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Are Preferential Tariffs Utilized? Evidence from Australian Imports, 2000-9

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Author Info

  • Richard Pomfret

    ()
    (School of Economics, University of Adelaide)

  • Uwe Kaufmann

    (School of Economics, University of Adelaide)

  • Christopher Findlay

    ()
    (School of Economics, University of Adelaide)

Abstract

Preferential tariff rates are often not utilized by qualified beneficiaries. Two reasons are complex rules of origin and erosion of preference margins as a result of multilateral trade liberalization. Our paper contributes to this research by providing evidence from high-quality disaggregated customs data of the utilization rate for Australia's preferential trading arrangements in the period 2000-9. A pattern of low ratios of imports receiving preferential tariff treatment to the total value of bilateral imports applies to all six of Australia's PTAs. Over half of Australian imports from New Zealand, the Pacific Island Forum economies, Thailand and Chile claimed preferential treatment in 2000, but all had lower utilization rates by 2009. This is primarily because of the increasing number of zero MFN tariff lines. Where MFN tariffs are positive, preferential tariffs are utilized and preferred trading partners pay lower customs duties. Positive utilization rates indicate that tariff preferences do have an impact, and at a minimum the exporters claiming the preferential tariff rate are better off than they would be in its absence, but by themselves utilization rates shed no light on the size of the impact on trade flows or on economic wellbeing.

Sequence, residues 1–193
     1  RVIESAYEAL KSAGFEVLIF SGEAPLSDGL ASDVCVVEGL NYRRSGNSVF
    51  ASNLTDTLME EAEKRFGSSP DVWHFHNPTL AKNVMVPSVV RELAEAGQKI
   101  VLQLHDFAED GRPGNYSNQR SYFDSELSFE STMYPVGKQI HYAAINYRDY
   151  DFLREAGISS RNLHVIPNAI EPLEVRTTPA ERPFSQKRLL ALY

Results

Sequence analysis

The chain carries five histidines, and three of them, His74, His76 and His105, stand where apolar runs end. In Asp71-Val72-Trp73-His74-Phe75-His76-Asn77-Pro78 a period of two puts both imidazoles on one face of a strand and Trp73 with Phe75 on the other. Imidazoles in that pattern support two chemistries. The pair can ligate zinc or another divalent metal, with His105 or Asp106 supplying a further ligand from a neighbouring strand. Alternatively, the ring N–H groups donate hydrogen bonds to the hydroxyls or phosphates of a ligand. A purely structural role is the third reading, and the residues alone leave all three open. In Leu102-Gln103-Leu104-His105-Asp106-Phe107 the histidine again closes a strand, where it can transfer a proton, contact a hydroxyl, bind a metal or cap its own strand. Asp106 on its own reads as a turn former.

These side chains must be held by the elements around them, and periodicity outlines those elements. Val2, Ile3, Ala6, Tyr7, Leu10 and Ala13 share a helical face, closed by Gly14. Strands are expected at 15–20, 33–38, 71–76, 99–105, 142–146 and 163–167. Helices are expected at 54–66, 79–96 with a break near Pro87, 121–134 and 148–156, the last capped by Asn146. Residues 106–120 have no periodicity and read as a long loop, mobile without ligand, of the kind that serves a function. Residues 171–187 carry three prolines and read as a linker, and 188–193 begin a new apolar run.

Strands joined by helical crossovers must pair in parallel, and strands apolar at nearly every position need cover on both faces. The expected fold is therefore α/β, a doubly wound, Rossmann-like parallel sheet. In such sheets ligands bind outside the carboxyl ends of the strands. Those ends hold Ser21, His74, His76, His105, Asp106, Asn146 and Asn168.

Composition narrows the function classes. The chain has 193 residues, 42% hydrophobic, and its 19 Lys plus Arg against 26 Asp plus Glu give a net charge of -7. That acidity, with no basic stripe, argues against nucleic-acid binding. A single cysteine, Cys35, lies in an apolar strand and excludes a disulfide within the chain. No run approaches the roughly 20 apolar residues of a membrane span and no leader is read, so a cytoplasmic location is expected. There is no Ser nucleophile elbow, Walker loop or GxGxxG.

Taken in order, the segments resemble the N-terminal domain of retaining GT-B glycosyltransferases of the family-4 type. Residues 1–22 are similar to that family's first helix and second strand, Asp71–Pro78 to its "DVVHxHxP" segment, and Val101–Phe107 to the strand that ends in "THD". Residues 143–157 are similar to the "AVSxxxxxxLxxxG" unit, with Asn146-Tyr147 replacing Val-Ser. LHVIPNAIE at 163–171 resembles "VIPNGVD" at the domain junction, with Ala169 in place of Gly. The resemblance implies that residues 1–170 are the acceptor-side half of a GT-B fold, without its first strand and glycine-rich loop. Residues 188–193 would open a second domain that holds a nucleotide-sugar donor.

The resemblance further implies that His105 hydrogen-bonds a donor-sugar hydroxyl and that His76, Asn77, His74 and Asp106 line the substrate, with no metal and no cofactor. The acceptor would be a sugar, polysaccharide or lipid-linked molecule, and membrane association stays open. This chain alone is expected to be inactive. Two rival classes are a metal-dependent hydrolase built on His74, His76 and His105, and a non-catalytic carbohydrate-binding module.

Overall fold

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File URL: http://www.economics.adelaide.edu.au/research/papers/doc/wp2010-13.pdf
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Bibliographic Info

Paper provided by University of Adelaide, School of Economics in its series School of Economics Working Papers with number 2010-13.

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Length: 22 pages
Date of creation: Jul 2010
Date of revision:
Handle: RePEc:adl:wpaper:2010-13

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Web page: http://www.economics.adelaide.edu.au/
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Related research

Keywords: preferential tariffs; trade liberalization; preference erosion;

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  1. Francois, Joseph & Hoekman, Bernard & Manchin, Miriam, 2005. "Preference erosion and multilateral trade liberalization," Policy Research Working Paper Series 3730, The World Bank.
  2. W. Hertel, Thomas, 2001. "Dynamic Effects of the “New Age” Free Trade Agreement between Japan and Singapore," Journal of Economic Integration, Center for Economic Integration, Sejong University, vol. 16, pages 446-484.
  3. Miriam Manchin & Annette O. Pelkmans-Balaoing, 2007. "Clothes without an Emperor: Analysis of the Preferential Tariffs in ASEAN," Development Working Papers 223, Centro Studi Luca d\'Agliano, University of Milano.
  4. Mary Amiti & John Romalis, 2007. "Will the Doha Round Lead to Preference Erosion?," NBER Working Papers 12971, National Bureau of Economic Research, Inc.
  5. Philippa Dee & Jyothi Gali, 2003. "The Trade and Investment Effects of Preferential Trading Arrangements," NBER Working Papers 10160, National Bureau of Economic Research, Inc.
  6. Pomfret, Richard, 2001. "The Economics of Regional Trading Arrangements," OUP Catalogue, Oxford University Press, number 9780199248872.
  7. Masahiro Kawai & Ganeshan Wignaraja, 2009. "The Asian “Noodle Bowl”:Is It Serious for Business?," Working Papers id:1936, eSocialSciences.
  8. Mitsuyo Ando & Fukunari Kimura, 2005. "The Formation of International Production and Distribution Networks in East Asia," NBER Chapters, in: International Trade in East Asia, NBER-East Asia Seminar on Economics, Volume 14, pages 177-216 National Bureau of Economic Research, Inc.
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Cited by:
  1. Shujiro URATA & Misa OKABE, 2013. "The Impact of AFTA on Intra-AFTA Trade," Working Papers DP-2013-05, Economic Research Institute for ASEAN and East Asia (ERIA).
  2. Handley, Kyle, 2012. "Exporting under Trade Policy Uncertainty: Theory and Evidence," Working Papers 634, Research Seminar in International Economics, University of Michigan.

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